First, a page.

GM 12-057

Senate Approves Violence Against Women Reauthorization Bill with Tribal Jurisdiction; Alaska Tribes Excluded from Criminal Jurisdiction

On April 26, 2012, the Senate approved legislation, S 1925, which would reauthorize the Violence Against Women Act (VAWA) by a vote of 68-31. The margin of victory belies the controversy surrounding several provisions in the bill, including those relating to tribal jurisdiction and tribal protection orders (Sections 904 and 905 of the bill).

The bill as approved by the Senate would authorize tribes to exercise concurrent criminal jurisdiction over domestic violence cases with provisions to ensure that tribes protect the rights of defendants. The bill does so in a way similar to the so-called “Duro fix” that recognizes the pre-existing criminal jurisdiction of Indian tribes so that the enumerated criminal jurisdiction is not construed as a grant of new powers to Indian tribes. It would also clarify the authority of Indian tribes to issue and enforce protection orders against anyone in a tribe\’s Indian Country or otherwise within the authority of the Indian tribe.

Section 904 of the Senate bill allows Indian tribes to prosecute non-Indians for three crimes that occur in Indian Country. Those crimes are (1) domestic violence; (2) dating violence; and (3) violating a protection order. In addition, the Senate bill requires that the non-Indian defendant have significant ties to the Indian tribes such as living in Indian Country, working in Indian Country, or being the spouse or intimate partner of a tribal member. Finally, in order to prosecute anyone for a crime, the Indian tribe must provide due process protections to a defendant in court. Those protections include the rights to counsel, a speedy trial, and an impartial jury which does not systematically exclude non-Indians.

Following the Senate Judiciary Committee mark-up of the bill, several provisions were added to prevent Alaska Native tribes from exercising criminal jurisdiction. Those provisions possibly had the unintended effect of eliminating current civil powers and as a result, Alaska tribes and organizations objected to the provisions. Senator Murkowski (R-AK) successfully offered a technical amendment on the floor that restored the authority of Alaska Native tribes to issue civil protective orders.

Nevertheless, the Senate bill does not allow Alaska Native tribes (with the exception of the Metlakatla Indian Community) to exercise any of the new criminal jurisdiction provided in the bill.

Section 905 provides a disclaimer that “Nothing in this Act, including an amendment made by this Act, alters or modifies the jurisdiction or authority of an Indian tribe in the State of Alaska under section 2265(e) of title 18, United States Code (as in effect on the day before the date of enactment of this Act).” Furthermore, Section 910 provides, “Nothing in this Act or any amendment made by this Act limits, alters, expands, or diminishes the civil or criminal jurisdiction of the State of Alaska, any subdivision of the State of Alaska, or any Indian tribe in the State of Alaska.”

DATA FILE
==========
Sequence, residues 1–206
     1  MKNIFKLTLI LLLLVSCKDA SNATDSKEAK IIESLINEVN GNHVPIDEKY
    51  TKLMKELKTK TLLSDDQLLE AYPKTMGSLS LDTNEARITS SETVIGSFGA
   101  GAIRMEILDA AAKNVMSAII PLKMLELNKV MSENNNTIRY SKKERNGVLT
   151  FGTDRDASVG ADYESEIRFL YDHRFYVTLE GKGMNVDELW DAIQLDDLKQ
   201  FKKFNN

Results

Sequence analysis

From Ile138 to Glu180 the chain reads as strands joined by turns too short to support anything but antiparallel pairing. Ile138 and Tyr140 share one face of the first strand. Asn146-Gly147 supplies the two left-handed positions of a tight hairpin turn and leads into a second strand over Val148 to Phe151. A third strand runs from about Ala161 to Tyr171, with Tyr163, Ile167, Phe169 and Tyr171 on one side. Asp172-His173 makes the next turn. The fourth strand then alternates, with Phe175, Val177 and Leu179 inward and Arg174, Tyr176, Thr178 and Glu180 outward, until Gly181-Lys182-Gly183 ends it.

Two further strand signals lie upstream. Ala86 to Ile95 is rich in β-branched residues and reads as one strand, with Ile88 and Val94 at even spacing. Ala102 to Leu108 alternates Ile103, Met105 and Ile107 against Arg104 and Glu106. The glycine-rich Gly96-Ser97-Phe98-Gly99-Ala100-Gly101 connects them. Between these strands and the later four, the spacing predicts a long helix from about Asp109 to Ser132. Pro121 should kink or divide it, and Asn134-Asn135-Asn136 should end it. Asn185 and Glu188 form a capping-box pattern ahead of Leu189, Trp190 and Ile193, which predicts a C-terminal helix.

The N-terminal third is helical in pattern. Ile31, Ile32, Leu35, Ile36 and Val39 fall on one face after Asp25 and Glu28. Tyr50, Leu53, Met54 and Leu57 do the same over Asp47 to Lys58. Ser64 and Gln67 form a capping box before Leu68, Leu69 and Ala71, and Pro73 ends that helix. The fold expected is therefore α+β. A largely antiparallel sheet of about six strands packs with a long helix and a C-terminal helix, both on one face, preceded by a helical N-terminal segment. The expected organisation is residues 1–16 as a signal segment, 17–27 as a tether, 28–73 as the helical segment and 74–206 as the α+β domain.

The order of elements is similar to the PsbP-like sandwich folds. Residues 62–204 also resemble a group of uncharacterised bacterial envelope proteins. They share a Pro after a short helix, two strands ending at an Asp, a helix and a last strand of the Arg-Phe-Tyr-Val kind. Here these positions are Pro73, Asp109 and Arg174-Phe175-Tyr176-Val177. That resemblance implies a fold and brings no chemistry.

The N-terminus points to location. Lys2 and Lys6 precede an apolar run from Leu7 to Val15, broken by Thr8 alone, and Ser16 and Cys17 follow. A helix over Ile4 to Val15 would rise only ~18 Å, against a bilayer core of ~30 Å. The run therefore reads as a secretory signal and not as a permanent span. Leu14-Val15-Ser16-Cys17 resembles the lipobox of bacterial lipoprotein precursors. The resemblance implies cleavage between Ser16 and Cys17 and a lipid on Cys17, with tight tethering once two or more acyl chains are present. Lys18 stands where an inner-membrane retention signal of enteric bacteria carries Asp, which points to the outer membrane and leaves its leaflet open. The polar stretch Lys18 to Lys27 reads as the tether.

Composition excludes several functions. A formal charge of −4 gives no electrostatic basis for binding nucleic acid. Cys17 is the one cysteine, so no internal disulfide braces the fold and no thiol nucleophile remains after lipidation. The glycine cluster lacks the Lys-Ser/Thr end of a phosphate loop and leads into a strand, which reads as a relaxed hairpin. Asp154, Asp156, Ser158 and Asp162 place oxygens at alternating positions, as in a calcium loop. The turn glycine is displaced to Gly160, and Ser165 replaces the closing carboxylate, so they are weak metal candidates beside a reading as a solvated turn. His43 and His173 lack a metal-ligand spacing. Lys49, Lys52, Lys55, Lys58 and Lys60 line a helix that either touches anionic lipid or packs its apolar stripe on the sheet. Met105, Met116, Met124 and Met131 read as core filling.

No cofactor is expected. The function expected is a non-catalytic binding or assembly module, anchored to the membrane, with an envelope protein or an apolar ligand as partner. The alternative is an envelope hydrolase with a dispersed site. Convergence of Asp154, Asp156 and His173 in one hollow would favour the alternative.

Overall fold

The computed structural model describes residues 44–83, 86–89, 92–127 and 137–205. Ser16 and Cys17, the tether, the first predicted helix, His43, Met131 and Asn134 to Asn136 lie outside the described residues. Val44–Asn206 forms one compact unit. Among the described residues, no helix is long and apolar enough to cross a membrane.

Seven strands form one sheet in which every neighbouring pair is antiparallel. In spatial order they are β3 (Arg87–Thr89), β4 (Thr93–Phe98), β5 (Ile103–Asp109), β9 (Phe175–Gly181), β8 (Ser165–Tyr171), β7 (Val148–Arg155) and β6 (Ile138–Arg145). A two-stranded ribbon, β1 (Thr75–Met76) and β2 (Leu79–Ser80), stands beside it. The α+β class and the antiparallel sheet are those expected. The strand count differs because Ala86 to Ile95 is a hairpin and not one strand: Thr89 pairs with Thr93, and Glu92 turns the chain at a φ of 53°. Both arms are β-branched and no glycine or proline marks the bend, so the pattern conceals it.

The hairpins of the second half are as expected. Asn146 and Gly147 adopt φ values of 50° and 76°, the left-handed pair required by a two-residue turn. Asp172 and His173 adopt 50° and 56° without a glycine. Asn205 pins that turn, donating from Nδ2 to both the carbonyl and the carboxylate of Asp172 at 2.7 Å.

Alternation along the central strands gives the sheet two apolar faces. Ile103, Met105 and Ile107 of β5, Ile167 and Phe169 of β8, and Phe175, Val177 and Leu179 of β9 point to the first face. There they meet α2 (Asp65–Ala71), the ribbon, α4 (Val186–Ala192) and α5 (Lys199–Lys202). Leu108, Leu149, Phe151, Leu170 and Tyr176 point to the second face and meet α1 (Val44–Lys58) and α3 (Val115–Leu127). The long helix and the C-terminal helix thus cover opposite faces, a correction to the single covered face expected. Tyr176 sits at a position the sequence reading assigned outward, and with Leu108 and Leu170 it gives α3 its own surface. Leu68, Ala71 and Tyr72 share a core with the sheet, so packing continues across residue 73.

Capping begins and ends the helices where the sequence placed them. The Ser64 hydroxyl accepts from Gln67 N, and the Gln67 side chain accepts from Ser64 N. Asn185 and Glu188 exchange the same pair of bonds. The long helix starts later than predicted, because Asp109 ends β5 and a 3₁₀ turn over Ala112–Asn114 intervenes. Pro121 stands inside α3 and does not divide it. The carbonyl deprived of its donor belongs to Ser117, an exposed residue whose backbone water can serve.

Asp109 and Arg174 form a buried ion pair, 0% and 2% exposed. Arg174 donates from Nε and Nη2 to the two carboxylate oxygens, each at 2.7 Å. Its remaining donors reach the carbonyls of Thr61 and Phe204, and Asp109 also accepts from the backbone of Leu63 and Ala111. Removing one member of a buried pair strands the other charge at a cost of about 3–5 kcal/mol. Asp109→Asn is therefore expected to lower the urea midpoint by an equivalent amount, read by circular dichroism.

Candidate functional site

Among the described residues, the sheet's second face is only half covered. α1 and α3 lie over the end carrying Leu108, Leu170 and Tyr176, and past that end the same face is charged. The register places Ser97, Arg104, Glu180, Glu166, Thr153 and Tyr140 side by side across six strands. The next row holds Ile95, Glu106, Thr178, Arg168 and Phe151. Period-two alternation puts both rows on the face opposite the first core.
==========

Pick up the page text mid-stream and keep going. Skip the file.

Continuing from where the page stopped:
Senator Hutchison (R-TX), with strong support from Judiciary Committee Ranking Member Grassley (R-IA) Senators Kyl (R-AZ) and Hatch (R-UT), offered a substitute bill which would have struck the tribal jurisdiction and protection order provisions. The Hutchison amendment would have denied the tribal courts the authority to issue protection orders, and required them to petition the federal district court in their area for such an order. The Hutchison amendment lost by a vote of 37-62.

One of the strongest statements on the Senate floor explaining and supporting the tribal provisions in S 1925 was made by Senator Tom Udall (D-NM), and we attach his statement.

S 1925 would also reauthorize a number of grant programs to combat domestic violence and provide victim services; authorize a new grant program to strengthen tribal criminal justice systems in order to exercise special domestic violence criminal jurisdiction; increase funding for tribal domestic violence coalitions; provide for research on violence against Native women; extend the life of the Indian Law and Order Commission by an additional year; and amend the federal assault statutes to bring them in line with similar state statutes with regard to punishment.

Republicans on the House side will unveil their VAWA reauthorization bill very soon, and it is expected to be similar to the Hutchinson proposed substitute mentioned above. The House Democrats’ version of VAWA reauthorization (HR 4271) mirrors S 1925 and was introduced by Representative Moore (D-WI). The House Judiciary Committee is expected to mark-up a VAWA bill in May.

Please let us know if we may provide additional information regarding S1925. We will report on developments as they occur in the Violence Against Women Act reauthorization legislation.